The DNA Report shows the results from the laboratory that will create evidence for the alleged family relationship. Here you will find a brief outline into understanding this.
The laboratory tests DNA isolated from swabs and other samples (eg, discreet samples) to locate certain chromosomes that are known to vary in length from person to person; over 20 of these are tested; each one is called a “locus”, “loci” for plural. For additional reference versions of a DNA sequence are called “alleles”. These are also the required genetic markers used tested in grandparents DNA testing.
Each & every person has two of each type of chromosomes, one from each parent, each person has two alleles for their locus. These two alleles can be sometimes identical. With the parentage DNA testing, the laboratory identifies the length of the two alleles found at each locus.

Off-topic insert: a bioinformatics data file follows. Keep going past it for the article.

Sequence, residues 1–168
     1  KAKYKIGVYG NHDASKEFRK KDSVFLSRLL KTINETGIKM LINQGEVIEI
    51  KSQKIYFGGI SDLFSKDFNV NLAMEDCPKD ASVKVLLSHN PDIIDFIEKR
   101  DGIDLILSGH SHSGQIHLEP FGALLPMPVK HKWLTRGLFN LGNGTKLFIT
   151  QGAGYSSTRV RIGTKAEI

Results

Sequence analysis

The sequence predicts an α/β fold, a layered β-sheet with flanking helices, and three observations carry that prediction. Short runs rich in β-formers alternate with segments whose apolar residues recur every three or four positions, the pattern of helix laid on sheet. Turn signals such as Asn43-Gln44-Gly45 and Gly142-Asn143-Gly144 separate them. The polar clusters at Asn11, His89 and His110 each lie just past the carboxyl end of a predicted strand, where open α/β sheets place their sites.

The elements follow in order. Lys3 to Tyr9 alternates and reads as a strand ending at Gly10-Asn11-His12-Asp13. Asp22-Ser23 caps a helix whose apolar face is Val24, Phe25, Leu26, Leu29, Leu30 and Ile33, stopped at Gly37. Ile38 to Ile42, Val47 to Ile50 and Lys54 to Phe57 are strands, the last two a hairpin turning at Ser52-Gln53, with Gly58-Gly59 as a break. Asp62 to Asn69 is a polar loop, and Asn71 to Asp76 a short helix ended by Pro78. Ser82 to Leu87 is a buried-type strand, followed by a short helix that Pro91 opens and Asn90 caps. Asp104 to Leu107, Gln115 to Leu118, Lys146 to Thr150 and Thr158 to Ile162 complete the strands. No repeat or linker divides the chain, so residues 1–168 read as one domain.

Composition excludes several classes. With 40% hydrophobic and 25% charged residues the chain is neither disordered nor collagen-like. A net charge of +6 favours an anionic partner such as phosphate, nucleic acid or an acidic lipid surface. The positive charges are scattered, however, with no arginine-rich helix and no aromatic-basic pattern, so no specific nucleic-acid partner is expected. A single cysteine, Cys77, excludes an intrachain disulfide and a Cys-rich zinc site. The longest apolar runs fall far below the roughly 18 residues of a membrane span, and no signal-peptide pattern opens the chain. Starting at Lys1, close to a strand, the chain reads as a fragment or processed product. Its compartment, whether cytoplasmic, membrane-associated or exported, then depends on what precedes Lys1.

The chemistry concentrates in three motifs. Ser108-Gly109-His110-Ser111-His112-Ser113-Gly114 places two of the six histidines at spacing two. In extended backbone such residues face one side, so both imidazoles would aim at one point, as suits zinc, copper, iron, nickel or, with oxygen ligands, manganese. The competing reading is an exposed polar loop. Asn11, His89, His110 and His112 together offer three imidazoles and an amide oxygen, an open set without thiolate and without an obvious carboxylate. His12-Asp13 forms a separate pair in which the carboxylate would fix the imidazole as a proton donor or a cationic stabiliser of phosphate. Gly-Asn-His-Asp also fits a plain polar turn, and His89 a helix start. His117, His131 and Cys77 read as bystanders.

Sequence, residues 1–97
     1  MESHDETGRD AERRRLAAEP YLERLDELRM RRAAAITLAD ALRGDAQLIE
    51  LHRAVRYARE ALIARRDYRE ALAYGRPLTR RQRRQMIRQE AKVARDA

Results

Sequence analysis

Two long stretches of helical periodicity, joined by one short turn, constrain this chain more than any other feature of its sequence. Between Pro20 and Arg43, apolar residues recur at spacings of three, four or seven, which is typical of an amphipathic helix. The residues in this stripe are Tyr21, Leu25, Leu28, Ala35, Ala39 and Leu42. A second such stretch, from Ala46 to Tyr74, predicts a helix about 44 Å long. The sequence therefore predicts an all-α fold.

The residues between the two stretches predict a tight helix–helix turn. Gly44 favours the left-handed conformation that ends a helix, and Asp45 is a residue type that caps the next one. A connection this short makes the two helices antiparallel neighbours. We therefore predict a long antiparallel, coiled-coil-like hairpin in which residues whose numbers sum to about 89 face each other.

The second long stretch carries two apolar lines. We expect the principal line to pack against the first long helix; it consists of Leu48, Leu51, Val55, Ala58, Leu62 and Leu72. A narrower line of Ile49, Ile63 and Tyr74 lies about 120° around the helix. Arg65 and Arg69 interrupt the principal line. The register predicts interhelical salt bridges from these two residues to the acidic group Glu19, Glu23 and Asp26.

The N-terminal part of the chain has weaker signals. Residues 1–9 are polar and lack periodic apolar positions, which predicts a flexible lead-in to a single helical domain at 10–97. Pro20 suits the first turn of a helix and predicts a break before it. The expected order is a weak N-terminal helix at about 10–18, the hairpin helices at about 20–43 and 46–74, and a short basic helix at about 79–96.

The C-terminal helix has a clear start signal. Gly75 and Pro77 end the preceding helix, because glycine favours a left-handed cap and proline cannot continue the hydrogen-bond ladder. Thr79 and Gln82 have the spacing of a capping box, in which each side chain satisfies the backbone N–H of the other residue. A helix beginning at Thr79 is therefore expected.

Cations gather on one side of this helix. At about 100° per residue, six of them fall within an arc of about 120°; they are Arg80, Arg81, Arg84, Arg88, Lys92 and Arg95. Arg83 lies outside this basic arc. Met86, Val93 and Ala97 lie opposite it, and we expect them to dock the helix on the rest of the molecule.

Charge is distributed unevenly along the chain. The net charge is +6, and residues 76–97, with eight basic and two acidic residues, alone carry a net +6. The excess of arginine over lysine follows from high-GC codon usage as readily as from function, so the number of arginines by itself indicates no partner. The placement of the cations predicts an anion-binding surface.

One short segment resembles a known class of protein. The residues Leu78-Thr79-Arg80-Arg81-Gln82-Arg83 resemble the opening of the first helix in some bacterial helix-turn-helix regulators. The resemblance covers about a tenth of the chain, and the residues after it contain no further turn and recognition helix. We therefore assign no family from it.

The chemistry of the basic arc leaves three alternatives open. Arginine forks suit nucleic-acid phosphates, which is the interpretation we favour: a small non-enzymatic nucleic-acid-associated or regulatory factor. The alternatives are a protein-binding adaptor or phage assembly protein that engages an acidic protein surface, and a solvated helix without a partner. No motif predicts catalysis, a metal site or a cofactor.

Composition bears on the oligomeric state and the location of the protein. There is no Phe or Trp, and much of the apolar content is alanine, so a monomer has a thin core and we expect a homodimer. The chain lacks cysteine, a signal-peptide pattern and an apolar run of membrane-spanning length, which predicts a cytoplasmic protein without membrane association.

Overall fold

The DNA test report you will receive shows numbers (in the first column) that indicate each of the 21 loci involved in the DNA testing process.
The columns marked “allele” within the DNA test column; contain indicators for the two alleles found at each locus or will suggest they are the same size.
Example, a child with two alleles with designated 12.1 and 18, if the mother has alleles 12.1 and 16, then the child inherited the 12.1 allele from the mother. The named child has to have inherited 18 allele from the father. The alleged father must have this allele if he is determined to be the biological father of the child.